Tag Archives: wealth

Youth Priorities

June 20, 2013 by

Back in my day, all the cool kids wore alligators on their shirts.

It was an essential indicator of class status. You simply had to have the little Izod Lacoste symbol. No other animal would do. Every kid knew they needed at least one “alligator shirt” to even be on the fringes of fashion acceptance. I remember kids saving their allowances just to have that one, precious shirt. And scoffing at anyone who wore a fake. Really.

The ’80s were all about wealth and status. What you had, what you owned, where you lived—it all defined pecking order in the Teendom. There was even a popular movie, Wall Street, where the main character’s key line was “Greed is good.”

It was so accepted back then, but I think many teens today would be horrified at how much emphasis society once placed on the accumulation of “stuff.” While there will always be some level of status related to wealth, today’s teens see things much differently than we once did.

For them, it’s all about experiences. Experiences they can talk about and share on their social networks.

Marketers know this. Archrival, based in Lincoln, is a leader in youth marketing. Their clients include Red Bull®, Zappos®, and Adidas®. When they build campaigns geared toward teens and young adults, they know that, to be successful, they need to create an opportunity for an experience—hopefully interactive, fun, and visual. And most importantly? Something the participant can share online.

This generation grew up with the entire world at their fingertips. In just a few clicks, they see what all of their friends are doing, but they also learn about the needs in their communities. They can download an app that lets them donate $5 to help hungry children in another part of the world. You will not find a more hard-working group of volunteers than a group of young adults passionate about a cause. Many are introduced to volunteer work through community service requirements, where they can develop a lifelong interest in philanthropy—in time, talent, and finances.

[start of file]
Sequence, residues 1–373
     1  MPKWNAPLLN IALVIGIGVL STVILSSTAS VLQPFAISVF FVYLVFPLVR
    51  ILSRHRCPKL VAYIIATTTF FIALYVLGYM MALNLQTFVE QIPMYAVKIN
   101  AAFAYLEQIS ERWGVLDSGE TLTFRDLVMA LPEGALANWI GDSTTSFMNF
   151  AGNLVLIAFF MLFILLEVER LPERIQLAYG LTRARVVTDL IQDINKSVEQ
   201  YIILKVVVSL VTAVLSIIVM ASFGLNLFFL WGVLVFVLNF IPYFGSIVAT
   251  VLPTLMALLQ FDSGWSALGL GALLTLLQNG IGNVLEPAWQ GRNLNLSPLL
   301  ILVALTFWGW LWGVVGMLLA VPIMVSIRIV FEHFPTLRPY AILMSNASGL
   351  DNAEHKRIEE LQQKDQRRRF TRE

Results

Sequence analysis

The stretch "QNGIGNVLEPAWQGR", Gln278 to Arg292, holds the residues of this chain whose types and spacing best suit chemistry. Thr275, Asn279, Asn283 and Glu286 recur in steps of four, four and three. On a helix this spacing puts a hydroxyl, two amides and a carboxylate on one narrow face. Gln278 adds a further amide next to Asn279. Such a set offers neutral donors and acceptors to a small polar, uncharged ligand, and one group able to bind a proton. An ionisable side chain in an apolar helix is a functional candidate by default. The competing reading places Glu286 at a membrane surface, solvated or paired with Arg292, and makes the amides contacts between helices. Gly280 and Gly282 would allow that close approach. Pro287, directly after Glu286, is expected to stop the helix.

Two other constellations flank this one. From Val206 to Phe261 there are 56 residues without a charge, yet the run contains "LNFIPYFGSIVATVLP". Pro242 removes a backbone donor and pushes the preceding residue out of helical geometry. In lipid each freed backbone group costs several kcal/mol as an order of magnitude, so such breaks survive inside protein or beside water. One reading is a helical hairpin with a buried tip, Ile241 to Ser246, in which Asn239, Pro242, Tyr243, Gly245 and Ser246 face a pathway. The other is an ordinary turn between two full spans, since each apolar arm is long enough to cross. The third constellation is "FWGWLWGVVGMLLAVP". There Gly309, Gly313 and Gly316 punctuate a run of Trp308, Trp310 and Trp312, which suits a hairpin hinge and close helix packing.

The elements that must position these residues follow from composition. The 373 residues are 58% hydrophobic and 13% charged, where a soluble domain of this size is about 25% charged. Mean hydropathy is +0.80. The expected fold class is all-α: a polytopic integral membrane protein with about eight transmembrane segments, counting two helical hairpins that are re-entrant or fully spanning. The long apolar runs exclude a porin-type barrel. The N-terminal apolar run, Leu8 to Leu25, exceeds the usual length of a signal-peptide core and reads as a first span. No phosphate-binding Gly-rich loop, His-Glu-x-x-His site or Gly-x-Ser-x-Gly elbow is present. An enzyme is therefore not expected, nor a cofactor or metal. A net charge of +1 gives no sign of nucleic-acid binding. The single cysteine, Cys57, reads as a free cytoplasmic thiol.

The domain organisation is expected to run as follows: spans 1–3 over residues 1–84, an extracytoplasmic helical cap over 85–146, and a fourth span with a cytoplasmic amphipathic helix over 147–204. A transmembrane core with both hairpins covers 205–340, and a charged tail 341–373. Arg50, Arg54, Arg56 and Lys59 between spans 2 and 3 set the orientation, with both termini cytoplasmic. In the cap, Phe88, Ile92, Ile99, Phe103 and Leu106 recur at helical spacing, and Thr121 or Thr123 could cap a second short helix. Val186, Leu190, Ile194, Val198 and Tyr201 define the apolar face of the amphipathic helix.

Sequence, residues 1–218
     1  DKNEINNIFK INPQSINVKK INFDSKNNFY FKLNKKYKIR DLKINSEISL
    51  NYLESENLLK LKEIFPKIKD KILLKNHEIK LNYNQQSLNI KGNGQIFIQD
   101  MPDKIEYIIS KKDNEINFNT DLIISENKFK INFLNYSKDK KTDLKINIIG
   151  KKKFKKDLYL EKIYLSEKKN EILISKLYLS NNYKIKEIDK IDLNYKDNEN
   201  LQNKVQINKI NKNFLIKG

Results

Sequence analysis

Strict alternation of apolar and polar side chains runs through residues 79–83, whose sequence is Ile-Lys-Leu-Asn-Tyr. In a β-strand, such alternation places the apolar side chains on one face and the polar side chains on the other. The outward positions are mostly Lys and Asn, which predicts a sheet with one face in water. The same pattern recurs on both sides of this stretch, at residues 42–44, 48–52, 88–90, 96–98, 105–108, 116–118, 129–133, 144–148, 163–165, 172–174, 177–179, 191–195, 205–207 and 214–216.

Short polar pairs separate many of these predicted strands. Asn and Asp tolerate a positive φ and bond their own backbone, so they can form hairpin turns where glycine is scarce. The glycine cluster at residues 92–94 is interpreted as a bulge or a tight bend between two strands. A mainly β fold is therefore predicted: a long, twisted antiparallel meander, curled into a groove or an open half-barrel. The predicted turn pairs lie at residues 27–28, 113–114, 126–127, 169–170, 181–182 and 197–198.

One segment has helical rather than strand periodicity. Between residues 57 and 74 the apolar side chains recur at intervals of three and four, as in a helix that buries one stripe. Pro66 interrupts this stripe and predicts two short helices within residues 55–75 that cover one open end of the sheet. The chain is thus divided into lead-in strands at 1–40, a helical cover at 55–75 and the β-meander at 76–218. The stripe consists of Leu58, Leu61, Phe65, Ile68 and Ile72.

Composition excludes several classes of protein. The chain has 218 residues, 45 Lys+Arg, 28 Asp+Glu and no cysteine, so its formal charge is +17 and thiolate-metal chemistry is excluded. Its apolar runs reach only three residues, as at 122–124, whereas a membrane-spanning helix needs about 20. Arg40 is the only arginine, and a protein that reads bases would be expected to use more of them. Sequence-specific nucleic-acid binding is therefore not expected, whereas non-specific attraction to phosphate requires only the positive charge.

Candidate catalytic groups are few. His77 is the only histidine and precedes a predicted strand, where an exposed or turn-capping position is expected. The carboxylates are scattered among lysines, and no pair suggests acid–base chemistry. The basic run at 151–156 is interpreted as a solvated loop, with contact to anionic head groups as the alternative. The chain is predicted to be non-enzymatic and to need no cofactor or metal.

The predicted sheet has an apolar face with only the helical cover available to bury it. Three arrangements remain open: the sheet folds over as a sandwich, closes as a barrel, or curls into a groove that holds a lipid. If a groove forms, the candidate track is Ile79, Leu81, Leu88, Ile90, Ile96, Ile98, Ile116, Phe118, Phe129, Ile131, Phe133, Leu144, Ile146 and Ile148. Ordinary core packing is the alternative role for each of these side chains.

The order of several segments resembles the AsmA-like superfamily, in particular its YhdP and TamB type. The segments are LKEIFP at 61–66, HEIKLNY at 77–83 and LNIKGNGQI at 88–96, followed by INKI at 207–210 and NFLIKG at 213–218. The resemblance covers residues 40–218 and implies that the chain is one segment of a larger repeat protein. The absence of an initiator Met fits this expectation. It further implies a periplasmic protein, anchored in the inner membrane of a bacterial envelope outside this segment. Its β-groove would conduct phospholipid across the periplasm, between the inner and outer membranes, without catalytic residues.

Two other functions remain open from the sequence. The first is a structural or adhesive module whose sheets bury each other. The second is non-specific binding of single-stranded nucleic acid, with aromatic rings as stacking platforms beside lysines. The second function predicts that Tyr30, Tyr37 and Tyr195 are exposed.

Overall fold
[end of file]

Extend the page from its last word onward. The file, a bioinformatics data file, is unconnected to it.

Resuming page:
Many young people want to do things that make a difference, especially in helping others. They want to be part of the solution. They want to share pictures and talk about it on their social networks. And, quite frankly, it benefits their online identity, which is extremely important to this group—especially those aware that college recruiters and employers will be looking at their profiles.

It’s easy for parents to forget how committed their children can be. But it can change how we connect with our teens. My own teen expert, my 15-year-old son, agrees. “People want to have interesting stuff to share online,” he says. “That’s what they want to spend their money on, too.” Yeah, it’s nice to have the branded shirt, but it’s also okay to shop at the thrift store if it means more money to spend toward a great trip or even just a fun night out with friends.

Good parenting information to have tucked away if you are trying to “market” something to your teen. Sell them on the experience and the great photos they can share on their Facebook, Twitter, or Reddit accounts. And hey, maybe they’ll let you come along, too.

Is Our Liberty to Succeed or Fail in Jeopardy?

May 25, 2013 by

It’s an issue that affects small businesses—the push for more and more sharing with others who don’t have as much as you do. This trend can be seen in many business practices, too. For example, the sales commission question below: